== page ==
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I was struggling with timer interrupts in my project. I couldn't make it work properly. So I decided writing a simple code and I saw a very interesting case.

ISR(TIMER1_COMPB_vect)
{
        PORTB ^= (1 << PORTB5);
}


int main(void)
{
    cli();          // disable global interrupts
    TCCR1A = 0;     // set entire TCCR1A register to 0
    TCCR1B = 0;     // same for TCCR1B

    OCR1A = 10000;
    OCR1B = 100;

    TCCR1B |= (1 << WGM12);

    TCCR1B |= (1 << CS10);
    TCCR1B |= (1 << CS12);

    TIMSK1 |= (1 << OCIE1A);
    TIMSK1 |= (1 << OCIE1B);
    DDRB= 0xFF;

    #define F_CPU 16000000
    sei();
    while (1)
    {

    }
}

Here is my code. When I change OCR1B value, nothing happens, but if I change OCR1A value then blinking gets faster. Is there a logical explanation for this?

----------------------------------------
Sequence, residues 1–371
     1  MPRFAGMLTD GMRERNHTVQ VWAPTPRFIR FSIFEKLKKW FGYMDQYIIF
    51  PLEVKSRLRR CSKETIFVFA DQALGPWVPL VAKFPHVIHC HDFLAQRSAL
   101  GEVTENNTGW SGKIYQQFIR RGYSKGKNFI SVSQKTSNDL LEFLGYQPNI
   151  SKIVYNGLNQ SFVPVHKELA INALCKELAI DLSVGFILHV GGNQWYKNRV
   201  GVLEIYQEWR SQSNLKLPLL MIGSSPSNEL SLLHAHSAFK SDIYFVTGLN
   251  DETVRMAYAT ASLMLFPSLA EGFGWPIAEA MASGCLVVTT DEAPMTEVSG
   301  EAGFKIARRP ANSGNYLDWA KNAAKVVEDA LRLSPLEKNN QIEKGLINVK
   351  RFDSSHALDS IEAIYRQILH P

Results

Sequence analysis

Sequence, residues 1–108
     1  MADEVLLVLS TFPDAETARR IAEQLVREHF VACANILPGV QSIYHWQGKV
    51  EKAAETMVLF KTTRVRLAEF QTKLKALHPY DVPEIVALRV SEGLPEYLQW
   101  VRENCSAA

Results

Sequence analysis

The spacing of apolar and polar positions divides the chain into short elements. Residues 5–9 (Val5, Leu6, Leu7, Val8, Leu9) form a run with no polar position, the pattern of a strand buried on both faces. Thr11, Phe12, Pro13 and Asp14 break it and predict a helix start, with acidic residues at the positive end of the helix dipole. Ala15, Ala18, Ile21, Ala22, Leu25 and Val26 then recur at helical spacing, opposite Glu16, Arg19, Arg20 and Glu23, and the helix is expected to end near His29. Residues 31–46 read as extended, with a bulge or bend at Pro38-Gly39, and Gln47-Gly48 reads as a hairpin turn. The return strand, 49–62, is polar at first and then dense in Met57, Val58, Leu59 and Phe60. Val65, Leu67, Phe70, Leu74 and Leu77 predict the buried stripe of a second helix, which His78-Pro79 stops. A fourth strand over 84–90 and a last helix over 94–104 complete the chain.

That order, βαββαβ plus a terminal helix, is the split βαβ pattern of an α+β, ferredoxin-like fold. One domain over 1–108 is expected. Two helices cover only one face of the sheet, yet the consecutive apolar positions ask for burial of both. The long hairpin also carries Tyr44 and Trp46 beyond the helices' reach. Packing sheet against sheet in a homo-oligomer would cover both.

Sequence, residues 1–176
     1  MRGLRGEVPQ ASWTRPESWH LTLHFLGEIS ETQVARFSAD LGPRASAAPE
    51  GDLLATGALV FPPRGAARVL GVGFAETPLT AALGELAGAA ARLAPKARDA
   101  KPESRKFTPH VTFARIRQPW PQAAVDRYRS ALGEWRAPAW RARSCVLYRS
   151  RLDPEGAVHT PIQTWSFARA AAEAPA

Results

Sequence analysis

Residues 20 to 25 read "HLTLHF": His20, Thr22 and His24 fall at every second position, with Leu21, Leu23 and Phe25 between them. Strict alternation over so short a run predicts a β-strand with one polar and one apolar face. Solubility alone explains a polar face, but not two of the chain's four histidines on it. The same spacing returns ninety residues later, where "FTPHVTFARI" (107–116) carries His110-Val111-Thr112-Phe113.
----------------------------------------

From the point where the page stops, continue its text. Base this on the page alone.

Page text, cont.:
• @Gerben No. OCR1A is 2 byte. OCR1AH and OCR1AL are single byte. – Zgrkpnr__ May 4 '15 at 18:33
1

By setting WGM12, you set the time to CTC mode. In this mode the timer will restart when it reaches that value set to OCR1A. So the lower the value, the faster it restarts, so the higher the frequency.

The OCR1B value only changes where in this cycle the interrupt occurs. It will however still only be called once per timer1 overflow.

  • 1
    Short but very clear explanation. respect – Zgrkpnr__ May 4 '15 at 18:42
  • Thanks. Timers are a bit hard to understand, but very powerful. – Gerben May 4 '15 at 19:13

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